The gears of the world may be slowly grinding to a halt, but life in our little household goes on.
I'm sweating on the final straws of my PhD thesis, Joost regularly shouts at our wifi-router to improve the connection for his many video-calls, Inky works hard to keep our mouse population at bay while simultaneously keeping her belly as rotund as possible, our roosters hold daily shouting matches, and finally, Lieve's task is to watch the garden: a task she takes very, very, seriously.
|The plants in our greenhouse doing their very best under her watchful eye..|
However, there was something hindering her in her job….
|Yeah, remember how I told you I had removed the ceiling of our living room? Well, there it is! All over Lieve's office|
Poor Lieve… We should have shipped this away to the skip months ago, but we hadn;t gotten around to it, and then I read that currently there are hour-long daily waiting lines at our local skip, because appearantly, the entire population of the Netherlands is simultaneously clearing out their attics.
So, as the skip was not an option, there was only one thing for it.. upcycle! Luckily there was another thing that had narrowly escaped the skip..
|an old, leaking cement mixing bucket!|
With Lieve's professional occupation in mind, there was only one way to go with this one: planter.
Had I been lazy, I could have just used the cement bucket as a planter as is, but I sorely needed a break from completing my thesis, so I went for something a bit fancier.
If you want to replicate this DIY -which I can most certainly recommend, because who doesn't need a nice planter in their life?- you'll need the following items.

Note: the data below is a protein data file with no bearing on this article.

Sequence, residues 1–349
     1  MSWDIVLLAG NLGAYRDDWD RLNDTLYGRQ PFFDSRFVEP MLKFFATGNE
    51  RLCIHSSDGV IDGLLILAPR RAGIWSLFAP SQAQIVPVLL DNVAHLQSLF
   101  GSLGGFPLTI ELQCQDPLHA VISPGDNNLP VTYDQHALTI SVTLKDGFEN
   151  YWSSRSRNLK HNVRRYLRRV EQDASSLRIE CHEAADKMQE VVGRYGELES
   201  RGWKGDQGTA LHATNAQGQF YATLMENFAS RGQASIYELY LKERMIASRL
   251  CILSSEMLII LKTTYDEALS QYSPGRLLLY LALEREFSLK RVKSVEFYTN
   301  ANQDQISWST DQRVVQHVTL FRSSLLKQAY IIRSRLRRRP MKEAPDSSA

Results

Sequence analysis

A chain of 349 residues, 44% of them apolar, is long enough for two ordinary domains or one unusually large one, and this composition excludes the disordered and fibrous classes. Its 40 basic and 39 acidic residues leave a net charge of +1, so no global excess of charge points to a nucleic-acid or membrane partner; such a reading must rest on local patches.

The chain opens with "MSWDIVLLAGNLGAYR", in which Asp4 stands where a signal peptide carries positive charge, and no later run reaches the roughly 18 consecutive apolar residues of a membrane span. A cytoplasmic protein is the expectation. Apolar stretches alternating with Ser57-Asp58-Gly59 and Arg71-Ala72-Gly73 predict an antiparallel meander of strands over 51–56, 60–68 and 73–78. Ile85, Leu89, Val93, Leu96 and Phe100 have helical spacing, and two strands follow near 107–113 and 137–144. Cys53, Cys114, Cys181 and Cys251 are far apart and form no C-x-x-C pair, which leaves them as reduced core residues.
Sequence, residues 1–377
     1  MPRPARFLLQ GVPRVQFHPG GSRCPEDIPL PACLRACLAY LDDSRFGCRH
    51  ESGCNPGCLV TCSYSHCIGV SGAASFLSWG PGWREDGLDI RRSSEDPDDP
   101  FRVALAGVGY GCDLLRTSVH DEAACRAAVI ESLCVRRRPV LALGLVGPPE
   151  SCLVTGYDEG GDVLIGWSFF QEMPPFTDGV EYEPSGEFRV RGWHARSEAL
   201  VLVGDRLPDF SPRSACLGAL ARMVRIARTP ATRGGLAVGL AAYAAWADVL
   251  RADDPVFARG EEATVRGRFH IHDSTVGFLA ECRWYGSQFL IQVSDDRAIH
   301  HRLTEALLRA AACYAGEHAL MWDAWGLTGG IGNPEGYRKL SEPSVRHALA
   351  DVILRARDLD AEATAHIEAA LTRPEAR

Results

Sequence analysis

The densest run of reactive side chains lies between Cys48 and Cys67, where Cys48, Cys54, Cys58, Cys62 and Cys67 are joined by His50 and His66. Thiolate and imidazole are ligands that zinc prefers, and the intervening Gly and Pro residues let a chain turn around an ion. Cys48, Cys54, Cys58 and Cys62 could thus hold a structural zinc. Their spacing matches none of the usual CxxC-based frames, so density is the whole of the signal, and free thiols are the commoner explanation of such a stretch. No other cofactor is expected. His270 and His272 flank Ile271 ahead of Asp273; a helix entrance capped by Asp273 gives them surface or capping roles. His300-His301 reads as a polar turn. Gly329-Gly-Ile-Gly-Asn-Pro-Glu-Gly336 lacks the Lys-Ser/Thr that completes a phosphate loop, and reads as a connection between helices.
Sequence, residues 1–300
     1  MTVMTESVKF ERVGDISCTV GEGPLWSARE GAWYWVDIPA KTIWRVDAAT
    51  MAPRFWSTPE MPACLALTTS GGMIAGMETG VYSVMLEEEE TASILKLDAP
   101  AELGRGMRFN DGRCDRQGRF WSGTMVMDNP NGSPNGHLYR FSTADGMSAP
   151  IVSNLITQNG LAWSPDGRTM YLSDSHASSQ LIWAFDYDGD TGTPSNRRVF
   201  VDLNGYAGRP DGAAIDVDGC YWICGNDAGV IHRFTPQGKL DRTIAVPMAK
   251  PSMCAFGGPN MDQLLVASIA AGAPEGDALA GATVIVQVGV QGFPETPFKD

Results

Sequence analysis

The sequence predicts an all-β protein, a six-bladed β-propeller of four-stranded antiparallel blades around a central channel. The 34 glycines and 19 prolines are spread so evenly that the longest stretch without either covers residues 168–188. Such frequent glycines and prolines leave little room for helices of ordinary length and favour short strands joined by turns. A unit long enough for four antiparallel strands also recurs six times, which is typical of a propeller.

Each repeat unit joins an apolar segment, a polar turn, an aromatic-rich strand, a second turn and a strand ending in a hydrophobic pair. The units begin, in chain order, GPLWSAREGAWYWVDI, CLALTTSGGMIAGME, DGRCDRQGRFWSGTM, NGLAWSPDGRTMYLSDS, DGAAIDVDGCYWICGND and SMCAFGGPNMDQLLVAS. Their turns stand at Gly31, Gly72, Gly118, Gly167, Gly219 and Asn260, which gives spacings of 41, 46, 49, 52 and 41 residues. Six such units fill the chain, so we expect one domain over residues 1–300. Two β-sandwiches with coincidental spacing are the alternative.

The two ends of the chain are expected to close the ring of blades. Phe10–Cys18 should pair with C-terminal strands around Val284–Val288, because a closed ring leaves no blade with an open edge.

- A plastic bucket, a cement mixing bucket works great for a bigger planter, but a standard sized one works just as well.
- wooden slats
- A saw
- An drilling machinge with a drilling bit for drilling holes, and one for screws
- Some screws ( they must not exceed the width of the bucket and slat combined) or construction kit
|I began by removing the top of the bucket, for a straighter edge with a jigsaw .|
|The cut-off makes a bonus hula hoop, if you need one!|
|I drilled several holes in the bottom. If you live in a dry climat, and want plants in there who need extra moisture, It might be a good idea to drill the holes in the side instead, a few cm above the bottom, so there's a little reservoir for water.|
|Then I gathered all the smaller slats I could find in our heap of junk..|
|and cut them to the right size, about 6 cm longer than my container, so the ugly plastic won't be visible.|
|Time to screw that! For sturdiness you'll need to screw from the inside out. This means that the length of your screws shouldn't exceed the width of the combined materials, or they'll poke out.|
|Then I screwed everything into place, making sure the bottom of the slats aligned nicely with the botttom of the bucket.|
|getting along nicely..|
|almost done! as you can see, I didn't really bother with vutting the slats exactly even, because I liked the rustic effect ( I have a wooden planter made from an old wine barrel that is a bit winky as well, so I figured they'd match nicely.|
|I filled it with some lavenders (which prefer containers any way around here, because don't really like the clay soil) and sowed some extra cosmos in there.|
and a slightly odd garden sculpture that I made years ago)
|One original, and two copy-cats for free|
|Ah, our garden inspector approves, I'll call that a win!|